The Connection Between Lack of Sleep and Weight Gain

by Tyler Moyer | | | 0 Comments

Adults need between seven and nine hours of sleep per night. This is true from the day we turn 18 almost up to retirement.

Even an hour of lost sleep can throw us off slightly and make functioning a bit harder. Losing sleep can also affect our immune systems, making us more likely to get sick.

Losing sleep can also affect our weight. Lack of sleep and weight gain are often connected, so if you're having trouble shedding those extra few pounds, you may need more sleep. We'll talk more about how this works below.

1. The Energy Problem

It's no mystery that sleep is a way to regain energy expended during the day. By extension, a lack of sleep means less energy the following day.

This plays into the way we make decisions. When we're low on energy, we tend to choose foods that will raise our energy levels and activities that will conserve them.

Think of that morning coffee that so many of us need. It's become a standard part of America's morning routine, and even the subject of many of its jokes.

However, that morning coffee is a sign of a wider trend. Our work week can be grueling.

We might grab something quick for dinner because we don't have time to cook. We may stay up a bit later to get things done, or just have time to ourselves. 

This causes us to get less sleep. After that, we have to wake up early in the morning with less energy to go to work, which requires more coffee, and the cycle starts again.

However, it doesn't have to be this way. Sometimes, something as small as having the right mattress can make all the difference.

2. Cortisol

Our metabolism plays a very interesting role in the relationship between a lack of sleep and weight gain. Our metabolism slows down, meaning that it's less likely to burn fat and more likely to store it.

This has to do with cortisol levels. Cortisol is a hormone with many functions. One function is to control our metabolism and blood sugar, but another is to respond to stress.

Less sleep often means more stress, which makes our cortisol levels increase. Cortisol's role in helping the body control blood sugar can make cells less responsive to insulin, which means higher blood sugar and higher potential for weight gain. This can also lead to diabetes.

Another unfortunate result of elevated cortisol levels is the potential for psychiatric issues such as anxiety and depression. Depression by itself can also lead to weight gain or worsen existing weight issues. Anxiety and depression can also cause or aggravate certain sleep disorders.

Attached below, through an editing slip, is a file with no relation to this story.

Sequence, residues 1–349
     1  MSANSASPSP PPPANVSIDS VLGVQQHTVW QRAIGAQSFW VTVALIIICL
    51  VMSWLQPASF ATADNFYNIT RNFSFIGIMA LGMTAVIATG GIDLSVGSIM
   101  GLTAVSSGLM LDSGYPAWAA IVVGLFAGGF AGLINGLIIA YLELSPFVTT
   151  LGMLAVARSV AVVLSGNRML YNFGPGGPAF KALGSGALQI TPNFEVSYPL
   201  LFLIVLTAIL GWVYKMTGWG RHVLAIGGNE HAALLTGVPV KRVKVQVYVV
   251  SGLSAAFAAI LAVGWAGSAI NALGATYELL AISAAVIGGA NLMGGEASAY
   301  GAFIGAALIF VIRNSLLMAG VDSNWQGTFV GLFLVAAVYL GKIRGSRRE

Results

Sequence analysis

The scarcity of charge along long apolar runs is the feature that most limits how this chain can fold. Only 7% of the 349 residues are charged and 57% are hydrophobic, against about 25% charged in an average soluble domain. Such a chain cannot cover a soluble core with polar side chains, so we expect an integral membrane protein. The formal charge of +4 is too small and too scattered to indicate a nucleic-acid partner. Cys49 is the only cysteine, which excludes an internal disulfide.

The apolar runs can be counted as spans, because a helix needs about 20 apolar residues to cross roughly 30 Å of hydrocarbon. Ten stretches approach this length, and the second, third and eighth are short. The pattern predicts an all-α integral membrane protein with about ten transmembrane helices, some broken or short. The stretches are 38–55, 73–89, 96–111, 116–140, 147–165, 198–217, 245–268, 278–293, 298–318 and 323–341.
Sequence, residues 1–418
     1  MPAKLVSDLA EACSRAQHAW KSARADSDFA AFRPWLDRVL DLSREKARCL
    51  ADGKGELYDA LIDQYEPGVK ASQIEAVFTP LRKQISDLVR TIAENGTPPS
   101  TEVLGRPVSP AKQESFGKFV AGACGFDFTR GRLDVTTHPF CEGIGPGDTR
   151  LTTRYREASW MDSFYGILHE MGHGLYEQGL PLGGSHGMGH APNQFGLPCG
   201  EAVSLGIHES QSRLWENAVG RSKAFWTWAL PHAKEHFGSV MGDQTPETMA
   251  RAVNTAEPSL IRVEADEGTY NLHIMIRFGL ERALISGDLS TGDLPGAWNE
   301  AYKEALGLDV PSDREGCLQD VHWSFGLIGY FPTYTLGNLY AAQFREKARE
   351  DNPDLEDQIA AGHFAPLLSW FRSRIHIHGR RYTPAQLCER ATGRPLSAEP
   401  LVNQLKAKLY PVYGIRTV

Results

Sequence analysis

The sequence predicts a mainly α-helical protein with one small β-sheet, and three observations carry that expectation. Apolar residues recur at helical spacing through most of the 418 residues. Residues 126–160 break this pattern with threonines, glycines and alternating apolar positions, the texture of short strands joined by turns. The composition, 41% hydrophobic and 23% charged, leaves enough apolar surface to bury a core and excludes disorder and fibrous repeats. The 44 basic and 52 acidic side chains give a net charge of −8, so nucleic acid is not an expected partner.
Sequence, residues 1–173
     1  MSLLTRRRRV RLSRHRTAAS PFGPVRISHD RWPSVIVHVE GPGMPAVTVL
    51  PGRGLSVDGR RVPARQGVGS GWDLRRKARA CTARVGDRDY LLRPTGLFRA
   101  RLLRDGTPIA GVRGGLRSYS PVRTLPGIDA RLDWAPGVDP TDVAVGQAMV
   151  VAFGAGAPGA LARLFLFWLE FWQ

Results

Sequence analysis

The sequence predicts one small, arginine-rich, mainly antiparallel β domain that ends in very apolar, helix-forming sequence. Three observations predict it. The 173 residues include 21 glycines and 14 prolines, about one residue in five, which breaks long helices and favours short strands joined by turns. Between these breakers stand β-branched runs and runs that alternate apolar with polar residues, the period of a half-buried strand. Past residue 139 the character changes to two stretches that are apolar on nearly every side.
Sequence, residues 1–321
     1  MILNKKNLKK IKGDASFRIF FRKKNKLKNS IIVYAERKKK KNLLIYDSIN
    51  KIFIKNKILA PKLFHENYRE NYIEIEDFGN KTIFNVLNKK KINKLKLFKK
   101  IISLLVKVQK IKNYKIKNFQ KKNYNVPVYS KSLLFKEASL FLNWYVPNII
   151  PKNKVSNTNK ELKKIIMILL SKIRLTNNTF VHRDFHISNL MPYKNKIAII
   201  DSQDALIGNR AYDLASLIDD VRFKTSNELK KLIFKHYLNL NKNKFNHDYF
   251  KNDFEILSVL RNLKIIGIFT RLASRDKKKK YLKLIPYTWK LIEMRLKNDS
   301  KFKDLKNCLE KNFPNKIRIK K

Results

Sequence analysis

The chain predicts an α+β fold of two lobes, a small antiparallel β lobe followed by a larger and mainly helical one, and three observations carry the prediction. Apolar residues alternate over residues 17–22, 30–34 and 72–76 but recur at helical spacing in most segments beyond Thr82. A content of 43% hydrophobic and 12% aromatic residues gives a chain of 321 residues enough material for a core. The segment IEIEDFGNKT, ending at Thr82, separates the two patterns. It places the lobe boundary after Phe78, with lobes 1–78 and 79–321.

3. Leptin and Ghrelin

Leptin and ghrelin are two hormones that play a role in how our metabolism functions. Leptin works as an appetite suppressant and helps us to use up energy.

Ghrelin is the exact opposite. It causes hunger and cravings. 

As you may have guessed, both of these hormones are affected by sleep deprivation. Levels of leptin tend to fall in those who lack sleep, while levels of ghrelin rise.

4. Naps

There are a few ways to combat sleep deprivation. Naps can help to a certain extent.

Taking a nap can help you recover some of your energy after a bad night, but it shouldn't be done regularly. Ideally, naps should be taken in the middle of the day in a dark and quiet room.

You shouldn't nap very often or for very long. A half-hour is good enough. You can nap for as much as 90 minutes if you have time. 

If you feel the need to nap frequently, it may be a sign of a medical issue. You may want to see a doctor.

In certain cases, naps can be the difference between life and death. Studies have suggested that driving while tired can be more dangerous than driving drunk. In situations like these, it may be best to pull off the road and get some shut-eye.

5. Treatment

If you have frequent nights where you can't sleep, it may be a sign of a sleep disorder. Insomnia is the most common, affecting about one out of every three Americans. Therapy and certain medications can help with insomnia.

If you often get a decent amount of sleep but wake up tired and achy anyways, you may have sleep apnea. if this is the case, it's best to see a doctor and talk about getting a CPAP machine.

There are many other sleep disorders, but most of them are far less common, and some can be treated with exercise and a healthy diet. If you suspect you have a sleep disorder, please see a doctor.

It's also important to note that certain mental health disorders can increase your chances of sleep disorders or even be the cause of them. Insomnia is a common symptom of many mental health issues.

Lack of Sleep and Weight Gain: How They're Linked

It's difficult to explain exactly how a lack of sleep and weight gain are related. It's like trying to explain why pulling on a single thread can cause a shirt to unravel. There are a lot of different factors that play into it, and each one builds on the others. 

The good news is that this works in reverse as well. Treating one issue may make it easier to deal with others.

If you want more information, advice, and products that aid belly sleepers, please visit our site. We can give you some advice about what to do after a night without sleep.

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